Tuesday, November 13, 2012

Oaxaca and Onward...

Leaving Puebla we were able to see the famous volcano Popocatetl, finally free from cloud cover after our three days in Puebla. It was breathtaking to see an 18,000 mountain, nearly free from its cloudy shroud, back dropping the city that we were leaving. We stopped after we got out of town and took a few pictures, which did not do justice to the mountain.

We rode hard all that day for Oaxaca and only stopped for gas, food, and a few photo opportunities to include some donkeys that were grazing beside the road. We made it to a small town 60 miles outside of Oaxaca and stopped for the evening.

The next day we rode a back highway through the mountains towards Oaxaca. It was beautiful and reminded me of Eastern Oregon and the Blue Mountains. Desert scrub was replaced by tall stately pines and sandy arroyos gave way to deep majestic canyons. The air was cold and clear and the road was full of beautiful turns; all in all a great way to start the day.

Arriving in Oaxaca we stopped at an Autozone on the outskirts of town to pick up some chain oil and engine de-greaser. While I was de-greasing my engine (all over the parking lot) I noticed that my oil cooler was loose. Upon further investigation, I found that the lugs that attached it to the frame had cracked! I slapped some zip ties on it to hold it in place, then we rode into town to find a Hotel.

After deciding on a beautiful little hotel with a courtyard, I proceeded to do a little shade-tree mechanic work to shore up my broken oil cooler. JB weld is an amazing substance, and after a few hours I had the lugs epoxied and reinforced.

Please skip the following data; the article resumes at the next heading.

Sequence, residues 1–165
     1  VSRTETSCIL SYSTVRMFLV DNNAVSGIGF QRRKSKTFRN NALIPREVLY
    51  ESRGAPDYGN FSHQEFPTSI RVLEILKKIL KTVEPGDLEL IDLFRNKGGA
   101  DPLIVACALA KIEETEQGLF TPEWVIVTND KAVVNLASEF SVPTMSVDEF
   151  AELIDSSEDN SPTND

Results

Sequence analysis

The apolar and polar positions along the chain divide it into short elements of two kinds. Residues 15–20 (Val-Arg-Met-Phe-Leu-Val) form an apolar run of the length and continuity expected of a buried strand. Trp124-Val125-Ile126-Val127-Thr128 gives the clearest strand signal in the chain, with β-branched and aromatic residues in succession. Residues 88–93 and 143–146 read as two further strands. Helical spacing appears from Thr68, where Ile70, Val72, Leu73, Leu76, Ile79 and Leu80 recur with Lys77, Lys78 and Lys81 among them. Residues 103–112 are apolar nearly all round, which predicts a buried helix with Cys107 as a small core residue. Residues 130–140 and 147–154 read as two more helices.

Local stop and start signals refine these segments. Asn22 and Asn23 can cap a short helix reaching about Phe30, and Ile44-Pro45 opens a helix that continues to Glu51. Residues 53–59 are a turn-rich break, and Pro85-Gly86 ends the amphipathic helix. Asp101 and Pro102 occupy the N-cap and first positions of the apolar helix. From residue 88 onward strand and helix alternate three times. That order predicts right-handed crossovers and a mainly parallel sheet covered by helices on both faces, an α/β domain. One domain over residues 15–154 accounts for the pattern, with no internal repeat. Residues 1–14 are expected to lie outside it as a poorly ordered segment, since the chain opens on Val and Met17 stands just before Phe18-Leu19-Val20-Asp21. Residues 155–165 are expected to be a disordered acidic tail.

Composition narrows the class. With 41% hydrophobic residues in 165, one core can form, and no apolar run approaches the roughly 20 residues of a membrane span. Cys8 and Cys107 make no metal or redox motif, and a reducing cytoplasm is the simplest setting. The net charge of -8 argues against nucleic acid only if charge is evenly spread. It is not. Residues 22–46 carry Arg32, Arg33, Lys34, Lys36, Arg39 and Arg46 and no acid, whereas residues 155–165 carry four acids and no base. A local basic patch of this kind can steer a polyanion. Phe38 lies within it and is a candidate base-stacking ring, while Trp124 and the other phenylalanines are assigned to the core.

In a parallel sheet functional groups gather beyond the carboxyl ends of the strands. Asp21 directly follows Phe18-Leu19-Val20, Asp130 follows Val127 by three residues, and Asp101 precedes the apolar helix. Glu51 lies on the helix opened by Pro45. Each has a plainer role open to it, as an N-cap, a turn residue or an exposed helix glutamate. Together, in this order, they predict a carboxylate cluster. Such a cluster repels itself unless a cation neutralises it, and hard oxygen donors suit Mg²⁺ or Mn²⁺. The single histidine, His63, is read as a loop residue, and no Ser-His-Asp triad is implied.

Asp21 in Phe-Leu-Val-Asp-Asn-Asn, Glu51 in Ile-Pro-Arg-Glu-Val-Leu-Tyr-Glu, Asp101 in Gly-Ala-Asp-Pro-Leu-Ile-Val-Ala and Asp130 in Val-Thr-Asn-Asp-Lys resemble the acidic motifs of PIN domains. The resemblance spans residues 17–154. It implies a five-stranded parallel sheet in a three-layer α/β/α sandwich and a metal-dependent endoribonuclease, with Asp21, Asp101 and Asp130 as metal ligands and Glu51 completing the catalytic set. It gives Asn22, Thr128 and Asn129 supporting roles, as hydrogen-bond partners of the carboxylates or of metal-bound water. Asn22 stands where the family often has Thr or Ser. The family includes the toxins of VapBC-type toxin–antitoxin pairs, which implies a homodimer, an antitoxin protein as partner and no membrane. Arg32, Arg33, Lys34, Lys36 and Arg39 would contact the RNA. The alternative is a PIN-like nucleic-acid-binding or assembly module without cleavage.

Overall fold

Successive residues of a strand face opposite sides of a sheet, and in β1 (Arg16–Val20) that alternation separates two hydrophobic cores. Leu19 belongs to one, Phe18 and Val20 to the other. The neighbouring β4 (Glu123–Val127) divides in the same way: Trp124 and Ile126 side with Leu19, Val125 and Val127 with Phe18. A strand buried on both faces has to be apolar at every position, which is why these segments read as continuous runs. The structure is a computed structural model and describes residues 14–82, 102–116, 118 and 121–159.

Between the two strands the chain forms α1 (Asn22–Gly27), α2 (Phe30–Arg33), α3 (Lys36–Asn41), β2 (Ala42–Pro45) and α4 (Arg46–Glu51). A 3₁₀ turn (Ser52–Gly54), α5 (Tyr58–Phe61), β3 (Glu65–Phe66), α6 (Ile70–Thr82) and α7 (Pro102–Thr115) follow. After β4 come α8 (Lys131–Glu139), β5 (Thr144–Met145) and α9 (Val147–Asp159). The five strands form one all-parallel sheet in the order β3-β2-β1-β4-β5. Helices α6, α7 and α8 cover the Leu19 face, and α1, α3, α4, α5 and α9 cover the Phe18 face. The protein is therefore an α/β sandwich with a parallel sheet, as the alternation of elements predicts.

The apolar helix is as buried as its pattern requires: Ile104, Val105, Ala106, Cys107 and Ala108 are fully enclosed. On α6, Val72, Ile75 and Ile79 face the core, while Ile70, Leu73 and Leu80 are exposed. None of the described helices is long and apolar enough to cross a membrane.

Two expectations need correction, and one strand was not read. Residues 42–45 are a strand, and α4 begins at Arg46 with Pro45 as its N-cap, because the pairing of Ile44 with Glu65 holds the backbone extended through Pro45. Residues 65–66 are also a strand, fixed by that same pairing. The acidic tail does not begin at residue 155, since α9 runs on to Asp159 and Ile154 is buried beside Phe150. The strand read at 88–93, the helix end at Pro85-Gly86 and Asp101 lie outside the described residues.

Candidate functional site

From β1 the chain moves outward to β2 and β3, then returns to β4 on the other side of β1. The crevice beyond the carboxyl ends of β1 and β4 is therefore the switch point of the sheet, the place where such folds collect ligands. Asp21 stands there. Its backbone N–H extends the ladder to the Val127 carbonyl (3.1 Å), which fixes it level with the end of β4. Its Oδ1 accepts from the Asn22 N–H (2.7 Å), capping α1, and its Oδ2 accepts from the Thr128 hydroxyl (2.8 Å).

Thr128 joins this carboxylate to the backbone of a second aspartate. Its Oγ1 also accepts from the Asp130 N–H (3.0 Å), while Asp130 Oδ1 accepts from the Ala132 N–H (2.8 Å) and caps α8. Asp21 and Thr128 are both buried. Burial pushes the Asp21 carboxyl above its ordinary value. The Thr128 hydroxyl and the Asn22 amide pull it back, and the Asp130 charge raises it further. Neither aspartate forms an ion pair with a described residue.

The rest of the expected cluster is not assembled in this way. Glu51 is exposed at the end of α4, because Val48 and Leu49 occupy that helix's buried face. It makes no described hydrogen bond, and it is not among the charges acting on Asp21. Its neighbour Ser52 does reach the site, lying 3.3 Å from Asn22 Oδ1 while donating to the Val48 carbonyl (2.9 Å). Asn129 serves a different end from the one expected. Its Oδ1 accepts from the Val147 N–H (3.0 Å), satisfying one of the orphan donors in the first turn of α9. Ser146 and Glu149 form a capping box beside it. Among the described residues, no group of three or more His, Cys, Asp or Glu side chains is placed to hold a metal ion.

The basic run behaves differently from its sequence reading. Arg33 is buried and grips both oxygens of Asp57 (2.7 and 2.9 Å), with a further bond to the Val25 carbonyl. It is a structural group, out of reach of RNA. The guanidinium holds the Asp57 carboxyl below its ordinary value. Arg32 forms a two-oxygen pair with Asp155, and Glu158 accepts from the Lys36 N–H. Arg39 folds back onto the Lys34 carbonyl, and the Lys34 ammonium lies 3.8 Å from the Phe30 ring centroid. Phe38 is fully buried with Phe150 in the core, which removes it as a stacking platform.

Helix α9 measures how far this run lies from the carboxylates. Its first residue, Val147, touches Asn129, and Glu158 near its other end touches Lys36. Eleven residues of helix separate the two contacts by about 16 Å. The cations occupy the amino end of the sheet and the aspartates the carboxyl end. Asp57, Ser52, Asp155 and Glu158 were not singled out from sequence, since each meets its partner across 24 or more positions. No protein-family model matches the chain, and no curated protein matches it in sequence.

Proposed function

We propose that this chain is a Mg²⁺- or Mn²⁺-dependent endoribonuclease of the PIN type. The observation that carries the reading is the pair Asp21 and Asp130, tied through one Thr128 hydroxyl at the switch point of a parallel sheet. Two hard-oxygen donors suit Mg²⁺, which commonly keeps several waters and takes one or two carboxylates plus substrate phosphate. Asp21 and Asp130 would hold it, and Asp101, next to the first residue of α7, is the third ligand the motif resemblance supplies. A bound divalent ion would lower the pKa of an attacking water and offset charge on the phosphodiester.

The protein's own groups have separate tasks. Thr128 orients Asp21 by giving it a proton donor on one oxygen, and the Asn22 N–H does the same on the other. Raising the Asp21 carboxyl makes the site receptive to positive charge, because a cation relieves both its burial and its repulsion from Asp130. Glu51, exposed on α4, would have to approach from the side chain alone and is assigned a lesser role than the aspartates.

The next day we made the call to stay in Oaxaca another night so that we could see the sights, find some more parts for our bikes, and let the JB weld on my oil cooler set up. I walked from our hotel down to the Zocalo and saw the Cathedral and an old convent that had been turned into a museum.

Late in the day, I went out to see the ruins of Monte Alban, a large pre-Colombian archaeological site, and home to the Zapotecs.

Monte Alban was quite impressive, especially being situated on top of large mountain, but I was still more impressed by Teotihuacan.

The next two days found us riding hard for the border of Guatemala. We dropped down into the desert again as we neared the coast and noticed a huge uptick in temperature. Riding with full gear on soon became unbearable.

At the end of our first day in route to the border, we stopped in a little town and stayed in the cheapest hotel yet for our time in Mexico: 150 pesos, or about $11. It was clean, if somewhat cramped. However, their was no air conditioning and the fan sounded like it was about to break free and fall on your face. However, it was clean and there was internet and we were able to park the bikes in the courtyard again. It's always fun to ride your motorcycle right through a hotel office......

Today we woke up relatively early and made a big push for the border town of Tapachula. We were down at 250 feet above sea level for pretty much the entire day and I shed my riding gear for more comfortable attire: t-shirt and jeans with my big US cavalry belt buckle....which I kept hidden under my shirt. Why do Canadians get to go flashing their patriotic paraphernalia everywhere?

In any event, we saw how they mow the grass near the highway in Mexico:

We were stopped by soldiers at a checkpoint and I got asked for the third time to open my panniers.....I guess that's what I get for using 40mm grenade ammo cans for panniers....the soldiers can always spot them a mile off. I guess they think I'm smuggling about 40 pounds of high explosives around on my dirt bike.

And we saw a nice Mexican family out for a Sunday ride.

It always makes me feel better about my heavily overladen bike when I see things like this.

Our final day of border riding brought us to the town of Tapachula, a scant 20 miles from the border. On our way in we began to see cloud covered volcanos and lush tropical forests. Outside of Tapachula we found a "Banjercito" (a sort of vehicle importation officer) and received our $400 refund for not selling our bikes in Mexico. We had had to pay $400 in La Paz as an insurance against us trying to illegally import and sell our motorcycles in Mexico.

And finally, we found another relatively cheap hotel and crashed. We planned on getting up early the next day and making a leisurely stroll across the border into Guatemala. Little did we know the terrors that awaited us!

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